From the first days of the investigation, the gendarmes were worried about “criminal designs” unrelated to the “legitimate challenge in a democratic state” of the militants implicated. “These actions can no longer be considered as a legitimate social and societal protest” or “as a form of democratic opposition”, they write in a report, July 27, 2017. According to them, “some of the opponents deliberately choose a violent path. They attack the property associated with the contested projects, but sometimes also the people working for the development of these industrial installations and at the same time against the police. ” In the eyes of the investigators, “opponents criminalize themselves”.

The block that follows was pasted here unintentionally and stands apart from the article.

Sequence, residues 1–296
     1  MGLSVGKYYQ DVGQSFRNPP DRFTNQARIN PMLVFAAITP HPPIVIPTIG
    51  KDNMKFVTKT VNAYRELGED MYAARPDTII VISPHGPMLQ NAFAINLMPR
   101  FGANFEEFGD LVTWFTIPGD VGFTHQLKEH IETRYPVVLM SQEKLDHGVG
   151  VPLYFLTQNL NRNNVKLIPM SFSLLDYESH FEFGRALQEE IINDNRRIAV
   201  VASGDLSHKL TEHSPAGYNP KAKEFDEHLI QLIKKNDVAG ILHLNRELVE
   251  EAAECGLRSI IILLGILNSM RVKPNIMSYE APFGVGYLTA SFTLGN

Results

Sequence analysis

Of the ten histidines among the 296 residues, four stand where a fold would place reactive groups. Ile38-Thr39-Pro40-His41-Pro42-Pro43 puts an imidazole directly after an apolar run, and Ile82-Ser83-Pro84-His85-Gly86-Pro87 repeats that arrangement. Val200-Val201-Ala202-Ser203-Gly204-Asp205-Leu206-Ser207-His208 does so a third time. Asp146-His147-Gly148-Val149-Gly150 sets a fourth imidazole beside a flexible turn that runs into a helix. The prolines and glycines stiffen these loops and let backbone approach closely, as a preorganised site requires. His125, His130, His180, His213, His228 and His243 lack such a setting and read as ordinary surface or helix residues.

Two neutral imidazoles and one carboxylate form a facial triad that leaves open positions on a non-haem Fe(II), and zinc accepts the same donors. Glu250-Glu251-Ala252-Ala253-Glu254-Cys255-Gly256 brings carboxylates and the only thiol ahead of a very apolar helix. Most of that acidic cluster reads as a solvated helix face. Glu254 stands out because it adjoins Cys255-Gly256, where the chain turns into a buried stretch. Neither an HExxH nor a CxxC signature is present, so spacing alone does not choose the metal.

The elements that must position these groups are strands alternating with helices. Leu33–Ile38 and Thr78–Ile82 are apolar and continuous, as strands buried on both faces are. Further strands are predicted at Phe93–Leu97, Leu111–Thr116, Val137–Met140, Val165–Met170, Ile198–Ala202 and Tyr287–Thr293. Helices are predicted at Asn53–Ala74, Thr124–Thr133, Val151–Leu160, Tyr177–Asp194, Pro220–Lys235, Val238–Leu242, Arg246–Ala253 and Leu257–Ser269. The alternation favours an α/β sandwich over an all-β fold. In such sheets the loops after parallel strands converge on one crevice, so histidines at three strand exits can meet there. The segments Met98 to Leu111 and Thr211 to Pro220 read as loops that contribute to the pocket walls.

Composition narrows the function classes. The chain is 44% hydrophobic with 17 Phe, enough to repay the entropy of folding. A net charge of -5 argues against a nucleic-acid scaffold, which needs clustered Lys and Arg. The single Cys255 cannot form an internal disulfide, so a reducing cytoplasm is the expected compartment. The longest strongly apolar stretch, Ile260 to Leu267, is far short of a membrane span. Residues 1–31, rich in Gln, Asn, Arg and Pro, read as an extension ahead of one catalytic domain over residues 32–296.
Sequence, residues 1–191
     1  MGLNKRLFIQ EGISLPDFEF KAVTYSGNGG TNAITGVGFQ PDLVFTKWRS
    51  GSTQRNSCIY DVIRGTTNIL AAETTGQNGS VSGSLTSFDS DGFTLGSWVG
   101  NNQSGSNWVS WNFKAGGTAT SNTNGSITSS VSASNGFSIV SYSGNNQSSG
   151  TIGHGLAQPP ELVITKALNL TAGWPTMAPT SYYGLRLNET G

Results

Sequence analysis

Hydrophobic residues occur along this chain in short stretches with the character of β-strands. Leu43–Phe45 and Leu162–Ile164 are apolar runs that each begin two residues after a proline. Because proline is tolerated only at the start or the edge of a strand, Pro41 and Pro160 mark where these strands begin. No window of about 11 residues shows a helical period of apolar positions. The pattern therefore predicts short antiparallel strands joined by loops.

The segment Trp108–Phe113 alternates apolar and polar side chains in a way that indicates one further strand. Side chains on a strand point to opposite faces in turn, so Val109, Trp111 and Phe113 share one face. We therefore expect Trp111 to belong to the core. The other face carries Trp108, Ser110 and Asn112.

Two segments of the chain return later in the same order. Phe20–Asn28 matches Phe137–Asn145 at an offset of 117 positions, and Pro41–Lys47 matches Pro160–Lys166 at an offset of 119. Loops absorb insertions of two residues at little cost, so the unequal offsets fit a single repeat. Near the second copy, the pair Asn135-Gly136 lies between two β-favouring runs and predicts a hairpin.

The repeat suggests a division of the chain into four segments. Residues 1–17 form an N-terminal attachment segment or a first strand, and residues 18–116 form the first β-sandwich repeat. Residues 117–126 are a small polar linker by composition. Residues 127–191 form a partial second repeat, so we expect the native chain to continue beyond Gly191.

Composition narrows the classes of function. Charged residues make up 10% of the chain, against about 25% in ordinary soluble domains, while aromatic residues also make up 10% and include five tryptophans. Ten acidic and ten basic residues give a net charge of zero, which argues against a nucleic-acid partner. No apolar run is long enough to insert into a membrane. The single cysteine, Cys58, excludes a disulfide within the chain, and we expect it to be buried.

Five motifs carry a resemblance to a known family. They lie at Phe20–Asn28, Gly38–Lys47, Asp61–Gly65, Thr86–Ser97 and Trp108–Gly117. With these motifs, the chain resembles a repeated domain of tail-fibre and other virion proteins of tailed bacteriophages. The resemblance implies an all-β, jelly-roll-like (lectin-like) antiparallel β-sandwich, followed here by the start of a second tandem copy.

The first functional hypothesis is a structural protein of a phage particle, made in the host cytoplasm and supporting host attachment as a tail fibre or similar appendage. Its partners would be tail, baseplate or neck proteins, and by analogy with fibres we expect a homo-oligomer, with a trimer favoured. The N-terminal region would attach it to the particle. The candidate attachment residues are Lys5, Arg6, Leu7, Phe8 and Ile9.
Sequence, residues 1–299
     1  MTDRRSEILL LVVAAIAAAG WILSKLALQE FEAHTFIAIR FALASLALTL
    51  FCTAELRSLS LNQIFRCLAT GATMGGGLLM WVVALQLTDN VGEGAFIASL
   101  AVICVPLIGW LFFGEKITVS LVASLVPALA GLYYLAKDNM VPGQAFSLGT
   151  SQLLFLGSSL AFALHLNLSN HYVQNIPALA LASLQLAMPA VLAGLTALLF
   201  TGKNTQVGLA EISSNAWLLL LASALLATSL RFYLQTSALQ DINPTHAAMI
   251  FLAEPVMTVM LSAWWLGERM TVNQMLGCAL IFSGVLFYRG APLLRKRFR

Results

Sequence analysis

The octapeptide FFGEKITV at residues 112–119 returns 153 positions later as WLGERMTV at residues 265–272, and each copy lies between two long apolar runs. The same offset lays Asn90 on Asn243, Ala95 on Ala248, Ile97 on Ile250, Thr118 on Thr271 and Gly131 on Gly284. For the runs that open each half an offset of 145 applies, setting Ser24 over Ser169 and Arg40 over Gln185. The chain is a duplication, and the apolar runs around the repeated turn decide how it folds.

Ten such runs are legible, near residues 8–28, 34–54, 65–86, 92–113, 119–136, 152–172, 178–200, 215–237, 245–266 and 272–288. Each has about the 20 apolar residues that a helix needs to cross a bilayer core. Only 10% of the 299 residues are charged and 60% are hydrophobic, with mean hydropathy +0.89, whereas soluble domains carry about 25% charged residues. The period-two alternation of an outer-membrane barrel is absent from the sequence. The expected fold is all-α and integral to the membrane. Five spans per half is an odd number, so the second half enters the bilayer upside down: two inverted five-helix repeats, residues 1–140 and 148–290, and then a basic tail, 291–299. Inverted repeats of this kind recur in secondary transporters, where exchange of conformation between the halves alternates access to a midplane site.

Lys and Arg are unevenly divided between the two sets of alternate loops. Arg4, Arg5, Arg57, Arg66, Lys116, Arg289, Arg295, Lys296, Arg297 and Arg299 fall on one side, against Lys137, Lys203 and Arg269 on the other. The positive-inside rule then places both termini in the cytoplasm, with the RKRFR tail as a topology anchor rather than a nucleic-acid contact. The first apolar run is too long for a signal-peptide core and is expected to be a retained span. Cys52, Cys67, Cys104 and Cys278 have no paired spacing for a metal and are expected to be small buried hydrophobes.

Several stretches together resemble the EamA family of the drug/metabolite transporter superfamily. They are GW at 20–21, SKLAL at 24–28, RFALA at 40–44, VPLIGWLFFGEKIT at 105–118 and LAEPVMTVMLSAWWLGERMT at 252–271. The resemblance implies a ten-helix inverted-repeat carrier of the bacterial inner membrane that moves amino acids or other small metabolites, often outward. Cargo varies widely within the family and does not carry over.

Part of the seals is sent to the Anti-Terrorism Office, a unit of the gendarmerie responsible for the prevention and suppression of acts of terrorism.   To take the measure of the surveillance of the militants of Bure and their entourage, Reporterre and Mediapart evaluated the means deployed by the gendarmerie and the justice in their mission. Almost 765 telephone numbers have been the subject of identity verification requests from telephone operators. At least 200 other requests were made to find out the call histories, their places of emission, the bank details of the holders subscription, PUK codes to unlock a phone when you don’t know your PIN.